news (external)

Tech Loops - Fri, 2015-09-18 02:00
Categories: Cartoons, Science News

Welcome to hell: Apple vs. Google vs. Facebook and the slow death of the web

OLDaily by Stephen Downes - Fri, 2015-09-18 00:10

Nilay Patel, The Verge, [Sept] 17, 2015

I think there's some truth and some error in this article. All of it is important. First is the (not-so-)slow strangulation of the traditional web by the big three ocntent providers: "It's Apple vs. Google vs. Facebook, all with their own revenue platforms. Google has the web, Facebook has its app, and Apple has the iPhone. This is the newest and biggest war in tech going today." But this is based on what is probably the most pervasive myth about the internet that there is: "the ads pay for all that content, an uneasy compromise between the real cost of media production and the prices consumers are willing to pay that has existed since the first human scratched the first antelope on a wall somewhere." No. Not even close. The ads pay for some content, but huge swaths of content (including antelopes scratched on walls) appear without advertising, and serve a social service (such as education, governance, or public order). Indeed, I pay a huge chunk of the cost when I pay for my own bandwidth, software and Netflix subscriptions, and computer equipment. And that's why I don't think I should have to view advertisements.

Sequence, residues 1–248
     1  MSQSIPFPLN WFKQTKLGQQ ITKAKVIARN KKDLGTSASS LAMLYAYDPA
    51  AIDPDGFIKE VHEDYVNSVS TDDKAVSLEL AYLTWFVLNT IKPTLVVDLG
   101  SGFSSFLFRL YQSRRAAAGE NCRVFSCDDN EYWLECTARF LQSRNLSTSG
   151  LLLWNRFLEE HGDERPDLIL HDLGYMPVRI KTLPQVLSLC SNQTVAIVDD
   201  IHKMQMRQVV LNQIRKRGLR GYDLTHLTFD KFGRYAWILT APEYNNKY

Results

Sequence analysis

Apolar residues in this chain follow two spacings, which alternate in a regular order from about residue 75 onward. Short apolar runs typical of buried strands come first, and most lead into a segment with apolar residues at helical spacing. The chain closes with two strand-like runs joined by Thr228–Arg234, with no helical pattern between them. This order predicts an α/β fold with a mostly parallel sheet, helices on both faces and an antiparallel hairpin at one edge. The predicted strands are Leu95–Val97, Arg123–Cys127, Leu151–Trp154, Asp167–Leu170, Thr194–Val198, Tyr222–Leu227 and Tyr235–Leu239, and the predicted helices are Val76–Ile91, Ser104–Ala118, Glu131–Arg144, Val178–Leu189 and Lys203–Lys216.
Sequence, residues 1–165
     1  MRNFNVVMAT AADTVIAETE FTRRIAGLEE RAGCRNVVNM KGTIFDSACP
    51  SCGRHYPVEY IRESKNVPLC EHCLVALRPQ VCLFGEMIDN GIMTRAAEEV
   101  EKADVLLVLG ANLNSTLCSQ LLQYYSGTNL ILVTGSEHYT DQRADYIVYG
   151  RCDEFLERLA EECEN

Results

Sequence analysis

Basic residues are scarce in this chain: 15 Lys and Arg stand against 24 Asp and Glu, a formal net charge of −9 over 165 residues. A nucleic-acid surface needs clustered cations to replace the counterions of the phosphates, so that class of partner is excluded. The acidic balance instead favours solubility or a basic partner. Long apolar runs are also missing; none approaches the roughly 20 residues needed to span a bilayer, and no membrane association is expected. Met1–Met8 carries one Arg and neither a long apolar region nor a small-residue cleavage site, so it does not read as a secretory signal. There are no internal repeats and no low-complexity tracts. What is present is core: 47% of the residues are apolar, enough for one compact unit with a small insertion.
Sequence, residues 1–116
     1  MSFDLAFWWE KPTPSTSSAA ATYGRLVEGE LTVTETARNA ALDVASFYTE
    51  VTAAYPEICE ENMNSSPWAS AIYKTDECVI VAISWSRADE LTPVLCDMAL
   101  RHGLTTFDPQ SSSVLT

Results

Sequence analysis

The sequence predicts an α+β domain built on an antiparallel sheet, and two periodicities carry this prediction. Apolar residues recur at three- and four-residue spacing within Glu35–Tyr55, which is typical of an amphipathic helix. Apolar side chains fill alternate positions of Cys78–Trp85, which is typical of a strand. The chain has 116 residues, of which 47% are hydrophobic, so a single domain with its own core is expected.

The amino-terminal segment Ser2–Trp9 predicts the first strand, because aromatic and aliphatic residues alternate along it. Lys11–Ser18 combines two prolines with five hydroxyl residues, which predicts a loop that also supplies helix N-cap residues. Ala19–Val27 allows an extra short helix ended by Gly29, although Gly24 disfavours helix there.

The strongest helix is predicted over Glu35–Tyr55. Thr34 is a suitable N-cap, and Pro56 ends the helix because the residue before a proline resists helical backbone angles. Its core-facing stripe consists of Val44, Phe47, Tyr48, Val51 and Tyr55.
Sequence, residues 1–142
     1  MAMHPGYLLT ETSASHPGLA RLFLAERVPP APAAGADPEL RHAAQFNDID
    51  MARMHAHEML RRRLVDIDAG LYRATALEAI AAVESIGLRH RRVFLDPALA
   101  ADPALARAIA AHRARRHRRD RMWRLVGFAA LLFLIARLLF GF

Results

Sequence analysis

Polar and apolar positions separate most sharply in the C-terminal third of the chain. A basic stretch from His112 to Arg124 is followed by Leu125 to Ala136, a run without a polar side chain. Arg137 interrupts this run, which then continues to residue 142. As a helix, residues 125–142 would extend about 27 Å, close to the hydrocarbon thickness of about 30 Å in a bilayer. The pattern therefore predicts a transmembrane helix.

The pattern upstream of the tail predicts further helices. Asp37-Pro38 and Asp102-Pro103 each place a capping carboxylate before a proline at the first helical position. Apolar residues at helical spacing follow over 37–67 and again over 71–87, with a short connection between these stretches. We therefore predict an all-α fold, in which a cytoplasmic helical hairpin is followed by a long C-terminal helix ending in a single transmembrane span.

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Is Moodle “Bigger than Martin”?

OLDaily by Stephen Downes - Thu, 2015-09-17 03:08

Michael Feldstein, e-Literate, [Sept] 16, 2015

Interesting posts that to me suggests that Moodle is at a turning point. Most of the post is about the Moodle community's loyalty to Moodle founder at person-in-charge, Martin Dougiamas. And for the record, he was more than gracious when I showed up at a Moodle conference and gave a talk titled 'After Moodle'. But there is also, suggests Michael Feldstein, talk afoot that "Moodle is bigger than Martin now". This suggests, he argues, that people are thinking that money for Moodle development, which currently mostly flows through Moodle headquarters, should flow through other agencies. And if sso, this could (emphasis could) mean Moodle moves in directions unintended by its benevolent founder.